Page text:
Offboarding Boomer Talent: A Golden Opportunity
Last winter, I observed an interesting phenomenon. Condo sales in the town where my in laws live, West Palm Beach, were picking up. As someone who studies workforce trends, this is the opposite of what I expected to happen. The baby boomer generation, I thought, does not want to retire to Florida and play golf and mahjong all day. They want to stick around and keep contributing.
It turns out I had only part of that right. Boomers want to keep contributing, but they are buying up the condos so they can do it from a pleasant and relaxing climate. And today, when I read Joe Scott’s BizJournals article on boomer offboarding, I thought that perhaps we are finally starting to get it.
Scott points out that the last employer in a boomer’s career invests significant dollars in training, salary, retirement savings matches, and in some cases, healthcare. Therefore, it really doesn’t make sense to hand them the gold watch and say goodbye. How about encouraging them to work “from the lake?”
Retirees Are Talent for the Taking
Most retiring boomers have every intention of starting encore careers from a diverse array of physical locations, so why not leverage our investment and their knowledge to prevent a skills gap and worker shortage in our organizations? Once they are respectfully offboarded from full-time employment, boomers can act as external contractors, using technology like videoconferencing and virtual reality to work on individual projects, mentor employees, and advise senior leaders. As trusted resources that often have long histories with organizations, retired boomers are far less risky than brand new hires.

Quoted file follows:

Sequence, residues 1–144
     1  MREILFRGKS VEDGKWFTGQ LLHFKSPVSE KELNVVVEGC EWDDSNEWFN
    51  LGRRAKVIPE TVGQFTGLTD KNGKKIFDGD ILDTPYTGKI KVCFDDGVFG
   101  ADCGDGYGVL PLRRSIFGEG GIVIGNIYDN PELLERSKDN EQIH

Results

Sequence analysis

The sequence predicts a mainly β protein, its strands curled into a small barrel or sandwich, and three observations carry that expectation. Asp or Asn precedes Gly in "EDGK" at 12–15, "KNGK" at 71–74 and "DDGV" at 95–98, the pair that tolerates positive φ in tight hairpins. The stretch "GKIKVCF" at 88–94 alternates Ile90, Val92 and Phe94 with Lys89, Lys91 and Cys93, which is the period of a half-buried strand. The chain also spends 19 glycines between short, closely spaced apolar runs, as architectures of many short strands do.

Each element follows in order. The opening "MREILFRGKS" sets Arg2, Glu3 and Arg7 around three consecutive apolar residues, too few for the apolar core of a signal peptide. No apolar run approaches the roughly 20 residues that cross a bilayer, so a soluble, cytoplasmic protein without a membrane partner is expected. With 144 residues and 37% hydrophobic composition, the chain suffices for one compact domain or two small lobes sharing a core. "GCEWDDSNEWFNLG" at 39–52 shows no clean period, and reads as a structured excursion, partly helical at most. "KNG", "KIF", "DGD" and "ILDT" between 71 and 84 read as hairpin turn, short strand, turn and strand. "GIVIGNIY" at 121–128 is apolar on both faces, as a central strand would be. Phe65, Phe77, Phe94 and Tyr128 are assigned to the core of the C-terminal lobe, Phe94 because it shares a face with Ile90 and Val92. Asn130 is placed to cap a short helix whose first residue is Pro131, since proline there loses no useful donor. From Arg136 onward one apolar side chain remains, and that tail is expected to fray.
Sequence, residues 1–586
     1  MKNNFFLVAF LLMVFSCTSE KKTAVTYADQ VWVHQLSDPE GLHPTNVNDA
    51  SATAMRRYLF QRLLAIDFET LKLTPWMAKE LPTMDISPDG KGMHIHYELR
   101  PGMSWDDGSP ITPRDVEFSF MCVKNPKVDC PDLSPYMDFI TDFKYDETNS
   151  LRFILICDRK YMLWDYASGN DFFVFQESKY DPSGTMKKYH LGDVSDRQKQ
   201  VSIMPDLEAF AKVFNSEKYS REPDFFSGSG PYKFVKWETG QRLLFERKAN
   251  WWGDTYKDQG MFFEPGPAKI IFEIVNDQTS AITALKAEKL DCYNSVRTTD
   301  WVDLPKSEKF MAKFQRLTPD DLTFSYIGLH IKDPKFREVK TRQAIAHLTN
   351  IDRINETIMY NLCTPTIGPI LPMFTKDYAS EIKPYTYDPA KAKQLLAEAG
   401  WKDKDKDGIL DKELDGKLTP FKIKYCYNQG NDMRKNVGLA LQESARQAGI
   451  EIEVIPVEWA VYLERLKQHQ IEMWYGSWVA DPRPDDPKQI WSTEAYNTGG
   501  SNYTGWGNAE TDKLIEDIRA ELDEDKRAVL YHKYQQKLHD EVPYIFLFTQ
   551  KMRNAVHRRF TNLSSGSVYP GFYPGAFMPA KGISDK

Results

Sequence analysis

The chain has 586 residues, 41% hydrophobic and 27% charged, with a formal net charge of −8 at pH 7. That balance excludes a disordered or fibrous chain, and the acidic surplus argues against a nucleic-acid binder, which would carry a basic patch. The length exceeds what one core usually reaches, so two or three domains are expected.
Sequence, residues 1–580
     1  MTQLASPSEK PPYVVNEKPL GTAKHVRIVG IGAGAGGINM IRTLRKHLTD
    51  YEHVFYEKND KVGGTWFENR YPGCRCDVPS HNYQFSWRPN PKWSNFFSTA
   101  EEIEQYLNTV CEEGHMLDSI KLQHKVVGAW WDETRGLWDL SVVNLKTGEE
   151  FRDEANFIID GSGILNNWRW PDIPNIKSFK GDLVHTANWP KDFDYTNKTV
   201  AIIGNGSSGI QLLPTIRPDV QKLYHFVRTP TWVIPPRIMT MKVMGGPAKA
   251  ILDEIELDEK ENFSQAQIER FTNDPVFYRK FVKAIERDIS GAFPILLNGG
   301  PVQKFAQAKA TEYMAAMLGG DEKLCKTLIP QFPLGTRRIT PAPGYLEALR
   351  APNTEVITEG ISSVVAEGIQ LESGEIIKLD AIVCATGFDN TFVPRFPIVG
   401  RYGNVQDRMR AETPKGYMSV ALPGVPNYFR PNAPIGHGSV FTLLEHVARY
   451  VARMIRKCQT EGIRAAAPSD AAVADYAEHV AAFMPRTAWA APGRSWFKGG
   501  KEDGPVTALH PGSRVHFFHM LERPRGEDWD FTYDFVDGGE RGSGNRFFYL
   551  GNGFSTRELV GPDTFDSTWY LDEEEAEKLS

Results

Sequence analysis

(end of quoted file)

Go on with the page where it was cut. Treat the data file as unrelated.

This approach to boomer retirement sounds obvious, so it’s surprising how little it’s actually used. According to a 2013 Aberdeen report that was referenced in SilkRoad’s Rhyme and Reason for Offboarding paper, only 29 percent of organizations have an offboarding program in place, and only 10 percent of offboarding programs are focused on retirees.
However, maintaining strong ties with your boomer workforce means devoting the same efforts and resources to your offboarding process as your onboarding one. In SilkRoad’s Top Tips for Offboarding, for instance, we recommend that you create an alumni portal in which you offer current company information and job opportunities and encourage discussion will keep retirees interested and involved. The onus is on you as the employer to ensure that these properties are kept active and up-to-date. Also, consider getting retirees together for an in-person reunion every now and then. These events are good opportunities to re-build relationships with top talent and brainstorm new ways to work together. And finally, there’s no substitute for an exit interview that probes retiring boomers on their encore career plans. Why not find out right away how they can continue to serve your organization?
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